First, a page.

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Information Science

Information about the Ph.D. Program for Current Students

Our Ph.D. program provides doctoral-trained teacher scholars for library and information science programs and cultural heritage informatics leaders for institutions across the nation.  Our faculty have been recognized for their research and service to the profession.

Degree Requirements

Phase I - Coursework

Students must complete an approved program of 54 credit hours of 700- and 800-level courses beyond the master’s level, including a minimum of 12 hours of dissertation preparation with a cumulative grade point average of 3.00 or above.

Core Courses (15 Hours)

  • SLIS 801 - Research Issues in Library and Information Science
  • SLIS 802 - Theory and Research Methods in Library and Information Science
  • SLIS 804 - Preparation for Academic Careers in Library and Information Science
  • SLIS 803 - Information and Society OR
  • SLIS 805 -Information Policy and Ethics

Research Methods (6 Hours)

  • Qualitative Research – chosen from advisor-approved options such as EDRM 740 or ANTH 719
  • Quantitative Research - chosen from advisor-approved options such as STAT 700 or STAT 701

SLIS Electives (9 Hours)

Dissertation Credit Hours (12 Hours Minimum)

Students must register for at least 12 credit hours of dissertation preparation over the period of writing the dissertation.

Cognate Courses (9 Hours)

  • Chosen from advisor-approved courses from another discipline related to the student’s research interests (i.e., mass communication, sociology, education, anthropology, computer science, English, geography, history, marketing, philosophy, political science, psychology, public administration)
  • Comprehensive Written and Oral Examinations
  • Dissertation Preparation (12 Hours)
  • SLIS 899

Phase II - Comprehensive Examination

Students will establish their eligibility for Comprehensive Examination by completing the following:

  • All coursework requirements;
  • Submission of an article to a peer reviewed journal, a full proceeding submitted to a conference, or a full paper presented at a national conference (Referred to as a Qualifying Examination)

The examination process is initiated with meeting the qualifying exam requirement and completing all coursework requirements either previous to or during the semester of the Comprehensive Exam.  A faculty examination committee then prepares the written examination. After completing the written exam, the student takes a follow-up oral examination. It will typically be considered unsatisfactory progress if a student has not taken the exam one year after completing coursework with no other signs of progress. The student has a maximum of two opportunities to pass his or her comprehensive examination. The student will not be allowed to continue in the doctoral program if the comprehensive examination is not passed.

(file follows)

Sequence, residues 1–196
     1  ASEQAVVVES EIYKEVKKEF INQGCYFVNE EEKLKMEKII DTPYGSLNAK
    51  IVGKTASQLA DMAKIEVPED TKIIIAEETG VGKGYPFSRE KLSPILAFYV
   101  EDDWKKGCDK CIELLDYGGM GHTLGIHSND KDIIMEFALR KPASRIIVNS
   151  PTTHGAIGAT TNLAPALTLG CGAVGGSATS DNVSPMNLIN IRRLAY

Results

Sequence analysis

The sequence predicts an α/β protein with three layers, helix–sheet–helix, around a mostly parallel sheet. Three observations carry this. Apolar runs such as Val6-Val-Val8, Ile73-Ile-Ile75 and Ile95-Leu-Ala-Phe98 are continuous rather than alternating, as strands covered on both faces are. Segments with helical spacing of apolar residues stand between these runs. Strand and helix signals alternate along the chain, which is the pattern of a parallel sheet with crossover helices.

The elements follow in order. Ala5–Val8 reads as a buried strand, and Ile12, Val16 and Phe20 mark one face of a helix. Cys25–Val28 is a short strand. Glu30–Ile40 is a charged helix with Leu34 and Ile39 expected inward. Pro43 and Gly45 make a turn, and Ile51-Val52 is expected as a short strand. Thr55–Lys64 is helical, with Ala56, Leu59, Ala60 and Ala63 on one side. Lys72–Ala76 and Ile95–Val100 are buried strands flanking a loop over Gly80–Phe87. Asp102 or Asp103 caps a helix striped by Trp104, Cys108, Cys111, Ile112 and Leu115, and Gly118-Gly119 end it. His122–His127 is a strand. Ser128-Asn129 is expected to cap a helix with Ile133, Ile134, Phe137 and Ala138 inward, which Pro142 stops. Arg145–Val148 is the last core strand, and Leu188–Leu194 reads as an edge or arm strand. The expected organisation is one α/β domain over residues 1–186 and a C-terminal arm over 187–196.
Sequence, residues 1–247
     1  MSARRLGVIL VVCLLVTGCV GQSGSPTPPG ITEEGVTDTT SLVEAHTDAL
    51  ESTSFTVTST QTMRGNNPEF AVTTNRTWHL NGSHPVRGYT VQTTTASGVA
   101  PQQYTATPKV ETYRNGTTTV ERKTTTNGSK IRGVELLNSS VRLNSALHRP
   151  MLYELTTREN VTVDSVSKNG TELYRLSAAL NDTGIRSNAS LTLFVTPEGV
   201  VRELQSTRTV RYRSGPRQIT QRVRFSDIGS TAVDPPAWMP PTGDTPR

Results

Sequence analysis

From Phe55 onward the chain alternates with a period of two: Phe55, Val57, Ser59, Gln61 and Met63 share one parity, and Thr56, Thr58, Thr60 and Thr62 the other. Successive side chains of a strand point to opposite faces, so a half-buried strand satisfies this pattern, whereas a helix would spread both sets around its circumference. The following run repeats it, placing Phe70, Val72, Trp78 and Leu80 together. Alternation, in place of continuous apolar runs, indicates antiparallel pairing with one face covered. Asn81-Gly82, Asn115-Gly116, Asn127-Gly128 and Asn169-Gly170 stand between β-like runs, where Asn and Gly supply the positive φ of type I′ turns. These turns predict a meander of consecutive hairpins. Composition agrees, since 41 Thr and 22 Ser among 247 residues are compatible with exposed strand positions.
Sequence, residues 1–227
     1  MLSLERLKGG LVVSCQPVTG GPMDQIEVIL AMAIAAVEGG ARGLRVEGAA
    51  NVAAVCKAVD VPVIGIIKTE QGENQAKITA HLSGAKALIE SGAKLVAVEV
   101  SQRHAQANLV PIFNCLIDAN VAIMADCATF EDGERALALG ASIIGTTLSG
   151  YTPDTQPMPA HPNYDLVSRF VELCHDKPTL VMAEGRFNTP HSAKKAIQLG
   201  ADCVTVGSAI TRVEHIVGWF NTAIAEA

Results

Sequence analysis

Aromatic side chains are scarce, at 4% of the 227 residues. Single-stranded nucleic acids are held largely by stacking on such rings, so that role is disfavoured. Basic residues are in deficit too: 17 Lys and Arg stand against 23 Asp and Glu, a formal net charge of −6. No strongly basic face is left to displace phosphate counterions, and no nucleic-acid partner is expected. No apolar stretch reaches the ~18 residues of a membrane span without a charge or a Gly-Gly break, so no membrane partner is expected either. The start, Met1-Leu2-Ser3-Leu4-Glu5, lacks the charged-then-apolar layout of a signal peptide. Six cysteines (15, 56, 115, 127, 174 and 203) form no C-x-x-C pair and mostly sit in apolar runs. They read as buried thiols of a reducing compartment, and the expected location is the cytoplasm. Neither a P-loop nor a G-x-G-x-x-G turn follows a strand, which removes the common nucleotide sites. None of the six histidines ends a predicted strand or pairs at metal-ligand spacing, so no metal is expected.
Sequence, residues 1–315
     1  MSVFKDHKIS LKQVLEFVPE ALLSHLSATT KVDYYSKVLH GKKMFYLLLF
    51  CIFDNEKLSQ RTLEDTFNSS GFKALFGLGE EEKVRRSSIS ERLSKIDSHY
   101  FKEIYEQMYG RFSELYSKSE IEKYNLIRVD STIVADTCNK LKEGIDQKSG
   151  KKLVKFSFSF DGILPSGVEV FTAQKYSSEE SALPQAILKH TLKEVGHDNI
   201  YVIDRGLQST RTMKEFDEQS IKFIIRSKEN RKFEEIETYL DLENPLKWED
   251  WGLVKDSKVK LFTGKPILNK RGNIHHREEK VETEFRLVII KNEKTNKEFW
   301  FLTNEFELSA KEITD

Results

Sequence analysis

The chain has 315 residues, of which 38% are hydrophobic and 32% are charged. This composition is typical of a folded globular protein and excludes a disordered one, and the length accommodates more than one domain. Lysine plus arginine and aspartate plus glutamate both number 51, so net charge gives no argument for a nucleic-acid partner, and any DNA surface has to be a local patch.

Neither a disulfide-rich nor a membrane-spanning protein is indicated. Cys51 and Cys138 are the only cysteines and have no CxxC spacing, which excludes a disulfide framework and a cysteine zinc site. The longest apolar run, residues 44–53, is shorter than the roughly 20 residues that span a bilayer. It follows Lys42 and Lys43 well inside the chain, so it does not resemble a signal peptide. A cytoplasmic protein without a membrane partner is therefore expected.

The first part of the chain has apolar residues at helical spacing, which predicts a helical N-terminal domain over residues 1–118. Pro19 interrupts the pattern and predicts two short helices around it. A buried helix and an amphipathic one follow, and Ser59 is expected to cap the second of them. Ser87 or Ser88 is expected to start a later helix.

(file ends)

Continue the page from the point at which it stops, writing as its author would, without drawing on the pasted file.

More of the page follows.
Phase III - Doctoral Dissertation

Proposal: Upon successful completion of the Comprehensive Examination, the student in consultation with their adviser forms a Dissertation Committee and prepares a dissertation proposal to present to the Committee. The proposal typically includes: an introduction; an extensive literature review; a discussion of related theory; proposed research questions and/or hypotheses; and detailed methodology and methods sections.

Doctoral Dissertation: The doctoral dissertation is a demonstration by the candidate that they have mastered research techniques and is able to add new knowledge on a significant question or issue. The Dissertation must be completed no later than five years after passing the comprehensive examination.

Dissertation Defense: The dissertation defense is an oral defense by the candidate of the written dissertation and is conducted by the student's Doctoral Dissertation Committee.


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